Growing up in New Orleans, I was surrounded by people who looked like me and had similar life experiences. However, when I moved to Edmond, Oklahoma, in 2005, I felt like a minority. The lack of Black representation in the area was evident, and it affected my experience as a homeowner. Despite being able to buy a home in my neighborhood of choice, I couldn't escape the effects of past housing restrictions.

Neighborhood discrimination became apparent when neighbors would question my presence in the community. I would face scrutiny at the neighborhood pool, with people asking who I was and where I lived. Even my children faced discrimination, with people calling the police on them while they were simply walking around the neighborhood. To prove that my children lived in the area, I had to get state IDs made for them at a young age.

These experiences motivated me to learn more about the historical context of Black homeownership and how it continues to affect us today. Restrictive covenants on deeds, dating back to the early 1900s, prohibited selling homes to people of color to maintain segregation. While desegregation occurred in Oklahoma in 1970, the language from these restrictive covenants is still present in older deeds. Appraisal bias is another significant issue that stems from historical redlining practices. Homes in predominantly Black neighborhoods are often appraised at lower values, affecting the ability of Black homeowners to build generational wealth.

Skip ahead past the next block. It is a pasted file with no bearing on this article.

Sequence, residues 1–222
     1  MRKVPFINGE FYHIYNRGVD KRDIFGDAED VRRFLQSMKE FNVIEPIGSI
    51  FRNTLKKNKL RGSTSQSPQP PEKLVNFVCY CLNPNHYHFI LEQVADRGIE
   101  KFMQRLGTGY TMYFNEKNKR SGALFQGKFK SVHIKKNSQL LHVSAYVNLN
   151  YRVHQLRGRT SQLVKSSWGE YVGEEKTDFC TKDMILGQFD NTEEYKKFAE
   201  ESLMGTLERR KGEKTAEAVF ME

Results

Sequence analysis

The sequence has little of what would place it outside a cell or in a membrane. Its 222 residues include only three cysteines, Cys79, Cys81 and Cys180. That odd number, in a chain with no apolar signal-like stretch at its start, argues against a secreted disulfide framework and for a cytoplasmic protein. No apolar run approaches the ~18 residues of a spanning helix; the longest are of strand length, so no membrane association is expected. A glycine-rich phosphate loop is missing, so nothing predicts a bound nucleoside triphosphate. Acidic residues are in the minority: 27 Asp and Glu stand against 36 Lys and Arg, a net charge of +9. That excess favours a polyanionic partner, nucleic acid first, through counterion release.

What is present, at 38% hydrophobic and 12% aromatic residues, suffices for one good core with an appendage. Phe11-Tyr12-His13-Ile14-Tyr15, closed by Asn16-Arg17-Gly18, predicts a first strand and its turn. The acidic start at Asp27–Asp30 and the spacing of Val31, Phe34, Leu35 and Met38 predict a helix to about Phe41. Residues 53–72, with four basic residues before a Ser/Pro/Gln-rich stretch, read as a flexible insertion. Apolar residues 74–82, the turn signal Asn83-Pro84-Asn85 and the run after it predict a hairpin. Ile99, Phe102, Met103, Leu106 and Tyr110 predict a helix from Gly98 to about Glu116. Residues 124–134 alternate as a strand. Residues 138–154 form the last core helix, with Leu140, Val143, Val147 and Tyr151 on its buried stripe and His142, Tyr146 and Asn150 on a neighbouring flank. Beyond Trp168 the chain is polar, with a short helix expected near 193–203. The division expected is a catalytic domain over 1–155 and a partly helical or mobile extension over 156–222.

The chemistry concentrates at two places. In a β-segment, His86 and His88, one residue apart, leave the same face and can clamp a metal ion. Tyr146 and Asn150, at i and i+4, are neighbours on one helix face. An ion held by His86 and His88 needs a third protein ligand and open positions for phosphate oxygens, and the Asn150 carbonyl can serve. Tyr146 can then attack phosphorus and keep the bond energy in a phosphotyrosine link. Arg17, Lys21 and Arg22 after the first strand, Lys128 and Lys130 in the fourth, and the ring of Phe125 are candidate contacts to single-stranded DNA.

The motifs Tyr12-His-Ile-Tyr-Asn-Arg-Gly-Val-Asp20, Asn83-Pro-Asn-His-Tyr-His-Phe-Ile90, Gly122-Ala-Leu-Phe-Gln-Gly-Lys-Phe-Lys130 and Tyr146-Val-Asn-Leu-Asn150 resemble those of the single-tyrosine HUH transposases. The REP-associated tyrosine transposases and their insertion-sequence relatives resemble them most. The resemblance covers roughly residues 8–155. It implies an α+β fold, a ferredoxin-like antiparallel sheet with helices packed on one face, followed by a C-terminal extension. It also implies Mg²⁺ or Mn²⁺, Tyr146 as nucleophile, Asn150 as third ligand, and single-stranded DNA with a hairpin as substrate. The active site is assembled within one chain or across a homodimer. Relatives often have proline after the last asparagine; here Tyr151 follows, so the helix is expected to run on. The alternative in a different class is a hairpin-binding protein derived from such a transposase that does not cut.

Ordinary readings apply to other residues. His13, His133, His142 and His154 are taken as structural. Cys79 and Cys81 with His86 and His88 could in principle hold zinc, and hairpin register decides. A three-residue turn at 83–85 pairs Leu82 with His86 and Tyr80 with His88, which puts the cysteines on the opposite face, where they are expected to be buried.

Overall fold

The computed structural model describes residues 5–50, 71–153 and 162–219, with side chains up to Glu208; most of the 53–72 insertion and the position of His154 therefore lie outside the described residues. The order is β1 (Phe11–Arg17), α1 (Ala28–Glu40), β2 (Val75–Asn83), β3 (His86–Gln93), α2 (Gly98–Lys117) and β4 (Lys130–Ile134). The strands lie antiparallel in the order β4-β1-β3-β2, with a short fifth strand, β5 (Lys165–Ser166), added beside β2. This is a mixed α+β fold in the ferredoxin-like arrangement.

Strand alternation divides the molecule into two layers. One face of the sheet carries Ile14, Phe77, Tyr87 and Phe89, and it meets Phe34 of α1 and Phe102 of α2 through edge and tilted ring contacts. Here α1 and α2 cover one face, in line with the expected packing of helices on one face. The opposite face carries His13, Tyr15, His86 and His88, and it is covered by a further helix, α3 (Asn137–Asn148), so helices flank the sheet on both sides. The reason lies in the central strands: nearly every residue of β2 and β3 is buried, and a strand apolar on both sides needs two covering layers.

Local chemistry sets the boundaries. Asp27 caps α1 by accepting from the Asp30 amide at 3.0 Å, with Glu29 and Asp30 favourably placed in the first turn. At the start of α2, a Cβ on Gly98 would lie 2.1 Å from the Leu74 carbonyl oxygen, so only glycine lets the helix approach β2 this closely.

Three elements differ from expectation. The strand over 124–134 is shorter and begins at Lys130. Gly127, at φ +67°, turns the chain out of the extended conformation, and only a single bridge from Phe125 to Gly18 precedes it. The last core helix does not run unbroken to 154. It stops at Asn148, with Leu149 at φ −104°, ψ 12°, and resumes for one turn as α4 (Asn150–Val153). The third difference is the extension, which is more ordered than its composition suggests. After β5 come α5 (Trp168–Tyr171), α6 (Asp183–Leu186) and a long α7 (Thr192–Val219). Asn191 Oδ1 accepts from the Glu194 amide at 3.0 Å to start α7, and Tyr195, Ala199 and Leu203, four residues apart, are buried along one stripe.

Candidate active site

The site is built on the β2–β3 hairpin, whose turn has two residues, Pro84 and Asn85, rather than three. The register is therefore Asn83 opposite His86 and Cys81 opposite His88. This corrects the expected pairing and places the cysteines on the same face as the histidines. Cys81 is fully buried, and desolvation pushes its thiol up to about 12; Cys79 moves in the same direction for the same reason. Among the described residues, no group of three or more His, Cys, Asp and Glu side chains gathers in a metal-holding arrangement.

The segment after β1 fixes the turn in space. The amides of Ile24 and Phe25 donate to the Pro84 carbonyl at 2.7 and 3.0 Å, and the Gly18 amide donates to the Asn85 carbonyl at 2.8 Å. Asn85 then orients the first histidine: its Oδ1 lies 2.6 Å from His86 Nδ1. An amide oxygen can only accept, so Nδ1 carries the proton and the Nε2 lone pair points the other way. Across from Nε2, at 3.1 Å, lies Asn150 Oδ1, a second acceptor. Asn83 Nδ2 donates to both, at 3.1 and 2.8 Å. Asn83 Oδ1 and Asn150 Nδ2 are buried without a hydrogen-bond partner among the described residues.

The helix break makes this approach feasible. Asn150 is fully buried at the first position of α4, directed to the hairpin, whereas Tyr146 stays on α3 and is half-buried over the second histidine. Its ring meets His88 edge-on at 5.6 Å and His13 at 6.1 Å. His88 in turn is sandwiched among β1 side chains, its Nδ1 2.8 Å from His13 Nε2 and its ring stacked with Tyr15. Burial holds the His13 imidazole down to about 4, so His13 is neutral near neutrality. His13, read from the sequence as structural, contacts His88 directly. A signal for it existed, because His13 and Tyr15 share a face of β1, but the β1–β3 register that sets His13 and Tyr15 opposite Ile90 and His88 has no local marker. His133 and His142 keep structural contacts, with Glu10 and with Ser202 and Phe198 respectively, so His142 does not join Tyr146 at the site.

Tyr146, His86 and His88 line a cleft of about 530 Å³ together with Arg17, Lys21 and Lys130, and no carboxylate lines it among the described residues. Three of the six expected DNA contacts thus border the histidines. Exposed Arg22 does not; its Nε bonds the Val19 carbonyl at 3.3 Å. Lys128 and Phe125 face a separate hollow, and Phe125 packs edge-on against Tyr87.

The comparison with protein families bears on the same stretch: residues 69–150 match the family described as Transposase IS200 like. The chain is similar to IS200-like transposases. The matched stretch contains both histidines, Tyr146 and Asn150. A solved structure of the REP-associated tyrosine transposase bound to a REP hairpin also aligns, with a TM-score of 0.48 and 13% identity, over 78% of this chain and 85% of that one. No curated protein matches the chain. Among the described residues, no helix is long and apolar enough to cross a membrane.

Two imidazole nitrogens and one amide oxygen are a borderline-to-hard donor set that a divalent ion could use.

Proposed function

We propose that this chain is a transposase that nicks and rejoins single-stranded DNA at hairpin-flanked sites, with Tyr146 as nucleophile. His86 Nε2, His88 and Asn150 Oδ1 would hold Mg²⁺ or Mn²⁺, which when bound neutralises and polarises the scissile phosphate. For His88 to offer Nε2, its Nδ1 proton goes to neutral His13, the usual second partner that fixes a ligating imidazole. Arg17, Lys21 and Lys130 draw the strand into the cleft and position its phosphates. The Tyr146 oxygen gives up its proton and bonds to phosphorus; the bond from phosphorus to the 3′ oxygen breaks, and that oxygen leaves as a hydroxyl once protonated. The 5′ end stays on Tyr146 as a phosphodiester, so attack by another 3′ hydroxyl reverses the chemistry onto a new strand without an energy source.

To address these issues, I became involved in advocacy efforts. As a member of the Oklahoma Association of Realtors and founder of the United Oklahoma Association of Realtors, a chapter of the National Association of Real Estate Brokers, I worked to advocate for laws that disavow discriminatory language on deeds. We were successful in getting a bill passed that allows property owners to renounce discriminatory language in land records.

However, the fight for equity in Black homeownership is far from over. As the 2024 president of the Edmond Board of Realtors, I'm committed to promoting diversity, equity, and inclusion within the industry. We're working with school boards to promote real estate as a viable profession to underrepresented demographics, starting as early as high school. It's crucial to educate the next generation about the opportunities available in real estate and create a cadre of professionals who reflect the communities they serve.

Unfortunately, there has been pushback against DEI efforts in many states. Anti-DEI bills have been introduced and passed in several states, banning DEI programs in state agencies and defunding related initiatives. This trend hampers progress and perpetuates misunderstanding and division.

It's frustrating to see how misunderstood DEI efforts are, but I remain hopeful and determined. As real estate professionals, we have the power to debunk myths and advocate for change. We can show hopeful homeowners that homeownership is attainable for Black Americans and help them navigate the process. By addressing the systemic barriers and working towards equity, we can create a more inclusive industry and empower Black communities to build generational wealth.

Change may be slow, but I believe that through continued advocacy and education, we can make a difference. I'm not alone in this cause, and together, we can create a more equitable future for Black homeownership.